As inspiration for a music video, you wouldn’t think much of the latest Lady Gaga single “Telephone”, a thumping Rodney Jerkins instant-club-hit with a feature spot by Beyonce (returning the favor after Gaga guested on a remix of Beyonce’s “Video Phone” for the reissue of I Am… Sasha Fierce).  The song’s lyrics virtually write their own screenplay (girl wants to dance; boy keeps calling girl; girl takes no calls cuz she’ll be dancing), and in any other hands, would probably get a very literal music video treatment.  But, as we’ve come to expect, Lady Gaga and director Jonas Akerlund (who directed her video for “Paparazzi” last summer) have come up with something altogether more menacing, and hilarious – a “lez-ploitation” sequel to “Paparazzi” which finds Beyonce bailing Lady Gaga out of jail, only for the two of them to hit the local diner, off all the patrons (including a Beyonce boyfriend played by Tyrese), and then do a big dance number for an audience of fresh corpses before riding off into the sunset.

The long-anticipated  video – Gaga’s been tweeting about it for what seems like months now, and the song has already bulldozed its way up into the Top 3 of the Billboard Pop Chart – made a splashy premiere Thursday night on E! News, which also ran clips of an interview with Gaga (praising the E! network’s “courage” in running it in it’s glorious 9 minute entirety, and noting her and Beyonce’s shared love of women) who was almost certainly encouraging those (like me, admittedly) who would draw parallels between this particular spectacle and the ceremonious unveiling of Michael Jackson’s “Thriller” more than 25 years ago (before Gaga was born).

Okay, so I’ll bite.  There won’t be another “Thriller” moment.  There can’t be.  In 1983, the music video was still a fledgling form – videos were cheaply made, poorly shot, and disposable – and with one grand gesture, Michael Jackson had turned it into a legitimate art form.  That kind of thing can’t happen now – the audience isn’t nearly innocent enough, which Jackson himself almost certainly had to have learned.   He never stopped making epic music videos (ahem, “short films”), but none came close to garnering the notoriety of “Thriller”, even when the actual quality of the videos (I’m thinking “Smooth Criminal” here) rivaled it for pure watchability while ditching the embarrasing dialogue and bad acting.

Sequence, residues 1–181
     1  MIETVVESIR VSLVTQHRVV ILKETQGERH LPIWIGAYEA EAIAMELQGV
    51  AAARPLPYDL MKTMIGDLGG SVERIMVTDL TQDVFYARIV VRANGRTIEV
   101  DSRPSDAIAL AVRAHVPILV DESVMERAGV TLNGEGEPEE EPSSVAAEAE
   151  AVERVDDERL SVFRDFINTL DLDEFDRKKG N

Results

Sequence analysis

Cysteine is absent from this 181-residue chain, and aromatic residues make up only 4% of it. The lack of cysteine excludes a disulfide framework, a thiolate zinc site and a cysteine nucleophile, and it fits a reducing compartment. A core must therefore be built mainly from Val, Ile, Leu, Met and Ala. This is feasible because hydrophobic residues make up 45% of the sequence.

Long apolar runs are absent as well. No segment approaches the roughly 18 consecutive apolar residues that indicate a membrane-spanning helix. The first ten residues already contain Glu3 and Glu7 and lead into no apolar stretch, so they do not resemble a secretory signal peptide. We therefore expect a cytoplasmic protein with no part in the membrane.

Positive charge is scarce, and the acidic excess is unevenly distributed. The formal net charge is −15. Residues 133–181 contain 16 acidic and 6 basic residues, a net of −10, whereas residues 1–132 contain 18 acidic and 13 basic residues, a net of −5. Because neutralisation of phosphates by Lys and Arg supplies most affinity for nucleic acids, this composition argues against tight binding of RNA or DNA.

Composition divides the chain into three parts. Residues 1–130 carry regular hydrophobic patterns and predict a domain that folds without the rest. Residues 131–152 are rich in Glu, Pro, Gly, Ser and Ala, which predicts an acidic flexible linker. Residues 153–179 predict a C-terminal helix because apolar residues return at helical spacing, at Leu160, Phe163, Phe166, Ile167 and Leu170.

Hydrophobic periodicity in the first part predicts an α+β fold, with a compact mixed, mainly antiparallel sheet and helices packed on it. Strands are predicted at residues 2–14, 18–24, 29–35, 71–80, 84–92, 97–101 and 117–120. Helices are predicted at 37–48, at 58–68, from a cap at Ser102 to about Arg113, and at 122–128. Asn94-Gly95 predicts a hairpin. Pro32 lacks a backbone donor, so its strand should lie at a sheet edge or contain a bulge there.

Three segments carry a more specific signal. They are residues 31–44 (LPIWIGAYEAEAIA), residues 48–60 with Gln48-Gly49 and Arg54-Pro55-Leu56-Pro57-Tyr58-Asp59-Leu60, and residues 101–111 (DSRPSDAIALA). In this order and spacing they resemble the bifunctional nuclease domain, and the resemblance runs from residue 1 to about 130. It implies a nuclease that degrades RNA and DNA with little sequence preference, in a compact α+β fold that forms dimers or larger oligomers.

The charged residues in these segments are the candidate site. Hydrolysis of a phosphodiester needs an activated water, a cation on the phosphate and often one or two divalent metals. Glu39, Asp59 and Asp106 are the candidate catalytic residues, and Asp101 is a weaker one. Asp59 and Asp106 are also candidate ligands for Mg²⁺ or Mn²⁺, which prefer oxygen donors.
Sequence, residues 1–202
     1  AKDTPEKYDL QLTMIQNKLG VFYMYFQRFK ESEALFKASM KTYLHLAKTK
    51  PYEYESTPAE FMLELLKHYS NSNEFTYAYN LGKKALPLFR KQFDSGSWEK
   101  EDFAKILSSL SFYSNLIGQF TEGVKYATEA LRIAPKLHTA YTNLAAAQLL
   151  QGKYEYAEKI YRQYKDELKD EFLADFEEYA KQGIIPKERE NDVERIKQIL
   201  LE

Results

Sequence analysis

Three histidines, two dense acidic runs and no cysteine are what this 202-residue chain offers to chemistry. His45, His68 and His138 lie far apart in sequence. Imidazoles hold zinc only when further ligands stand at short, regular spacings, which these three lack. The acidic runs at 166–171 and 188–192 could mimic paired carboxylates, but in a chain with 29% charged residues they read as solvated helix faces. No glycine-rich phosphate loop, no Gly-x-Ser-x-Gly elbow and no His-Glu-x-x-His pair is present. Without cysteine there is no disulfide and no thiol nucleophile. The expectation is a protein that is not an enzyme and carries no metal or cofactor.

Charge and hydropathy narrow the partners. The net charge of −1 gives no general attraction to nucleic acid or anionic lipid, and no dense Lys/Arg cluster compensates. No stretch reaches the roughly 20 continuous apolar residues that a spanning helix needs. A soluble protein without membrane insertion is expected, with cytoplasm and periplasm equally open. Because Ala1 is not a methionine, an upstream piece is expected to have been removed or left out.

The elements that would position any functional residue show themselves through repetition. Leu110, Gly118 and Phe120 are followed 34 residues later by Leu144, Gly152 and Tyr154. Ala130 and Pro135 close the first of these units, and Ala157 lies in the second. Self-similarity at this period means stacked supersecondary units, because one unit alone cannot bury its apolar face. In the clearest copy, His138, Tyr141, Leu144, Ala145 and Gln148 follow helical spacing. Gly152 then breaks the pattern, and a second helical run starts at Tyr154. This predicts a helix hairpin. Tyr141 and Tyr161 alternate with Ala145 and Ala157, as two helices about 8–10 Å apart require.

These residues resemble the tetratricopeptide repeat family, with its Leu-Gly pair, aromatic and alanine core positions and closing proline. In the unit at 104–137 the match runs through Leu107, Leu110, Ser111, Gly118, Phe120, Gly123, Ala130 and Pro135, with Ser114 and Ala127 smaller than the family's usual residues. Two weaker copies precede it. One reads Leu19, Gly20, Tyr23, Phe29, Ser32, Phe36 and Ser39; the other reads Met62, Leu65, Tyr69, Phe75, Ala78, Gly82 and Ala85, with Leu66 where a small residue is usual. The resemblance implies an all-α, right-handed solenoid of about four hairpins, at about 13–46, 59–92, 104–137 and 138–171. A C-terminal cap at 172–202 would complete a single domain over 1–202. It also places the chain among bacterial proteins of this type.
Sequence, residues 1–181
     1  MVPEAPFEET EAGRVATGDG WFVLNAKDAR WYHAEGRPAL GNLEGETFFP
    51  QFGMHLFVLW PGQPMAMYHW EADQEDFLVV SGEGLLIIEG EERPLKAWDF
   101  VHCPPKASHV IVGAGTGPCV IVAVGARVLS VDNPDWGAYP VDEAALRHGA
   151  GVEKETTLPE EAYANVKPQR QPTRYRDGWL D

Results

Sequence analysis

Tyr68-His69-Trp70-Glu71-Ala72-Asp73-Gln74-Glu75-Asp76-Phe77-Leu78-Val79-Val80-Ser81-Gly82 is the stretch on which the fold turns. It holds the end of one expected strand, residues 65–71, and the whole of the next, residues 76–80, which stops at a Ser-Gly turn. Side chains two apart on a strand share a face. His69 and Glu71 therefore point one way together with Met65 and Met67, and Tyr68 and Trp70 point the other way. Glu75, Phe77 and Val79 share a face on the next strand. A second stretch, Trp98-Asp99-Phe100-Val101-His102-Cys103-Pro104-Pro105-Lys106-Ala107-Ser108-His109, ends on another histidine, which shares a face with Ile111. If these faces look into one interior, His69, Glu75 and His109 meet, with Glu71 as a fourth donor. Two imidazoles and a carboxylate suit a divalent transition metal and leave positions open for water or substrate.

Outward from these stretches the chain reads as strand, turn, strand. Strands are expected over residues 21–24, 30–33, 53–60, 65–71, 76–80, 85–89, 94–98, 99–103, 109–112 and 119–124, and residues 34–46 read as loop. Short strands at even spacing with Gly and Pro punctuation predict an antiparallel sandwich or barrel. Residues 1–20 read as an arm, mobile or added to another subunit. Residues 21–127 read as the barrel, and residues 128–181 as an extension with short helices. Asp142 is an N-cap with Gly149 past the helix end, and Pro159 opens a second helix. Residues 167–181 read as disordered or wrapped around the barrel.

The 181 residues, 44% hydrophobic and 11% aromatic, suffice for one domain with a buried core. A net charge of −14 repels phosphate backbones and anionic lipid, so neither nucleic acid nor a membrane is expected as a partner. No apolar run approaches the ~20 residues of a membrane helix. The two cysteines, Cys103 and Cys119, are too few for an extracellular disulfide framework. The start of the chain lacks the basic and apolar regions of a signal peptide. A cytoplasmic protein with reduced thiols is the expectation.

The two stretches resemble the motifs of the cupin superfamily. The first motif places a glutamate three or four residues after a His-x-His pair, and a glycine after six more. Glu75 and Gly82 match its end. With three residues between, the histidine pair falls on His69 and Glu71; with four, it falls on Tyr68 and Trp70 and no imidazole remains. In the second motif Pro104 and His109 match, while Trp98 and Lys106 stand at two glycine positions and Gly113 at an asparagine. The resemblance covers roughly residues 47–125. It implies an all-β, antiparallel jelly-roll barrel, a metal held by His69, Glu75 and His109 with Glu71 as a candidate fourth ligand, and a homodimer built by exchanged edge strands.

But setting that singular moment aside, there are numerous parallels to be drawn between the videos for “Thriller” and “Telephone”.  Not the least of which is that they are both genre flicks with big-name directors.  Michael’s was a horror movie directed by John Landis of American Werewolf in London fame (and Twilight Zone infamy), while “Telephone” is a 70s-style exploitation flick with a decidedly meta twist and a pulpy lesbian plot line like a cross between Thelma & Louise and Natural Born Killers.  Like Jackson, whose song “Thriller” was actually the seventh (and final) single to be released from the album of the same name (a year and a half after that album’s release), “Telephone” – Gaga’s sixth consecutive top 10 hit since late fall 2008 – comes at a moment when the artist risks shark-jumping by sheer pop-cultural ubiquity.  Like Michael in 1984, Lady Gaga in 2010 needs no further exposure, and like Michael before her, she lunges for it, regardless, with a video that demands to be talked about.

Both videos culminate in a menacing/comical dance sequence involving dead people (Michael’s are an undead dance army while Gaga’s are a still-warm flock of face-stuffers), and like werewolf Michael, lusty murderess Gaga is portraying herself (along with her oh-so-game partner Beyonce) as a monster – as in The Fame Monster, now on sale at iTunes for $7.99! – with a knowing nod to all the metaphorical implications of such.   If “Telephone” offers one major innovation, it’s a knack for wall-to-wall product placement that manages to be simultaneously witty and crass.   Half the fun of the video is spotting the shill.  Diet Coke cans for curlers?  Miracle Whip as murder weapon?  I didn’t even know that there was a real dating website called  I just thought it was a really good joke.  And just like Thriller when Michael confesses to actress Ola Ray that he’s “not like the other boys”, Telephone has at least one, great, defining, iconic, self-referential, media-tweaking one-liner.  But I’ll leave it to the prison guard to deliver it: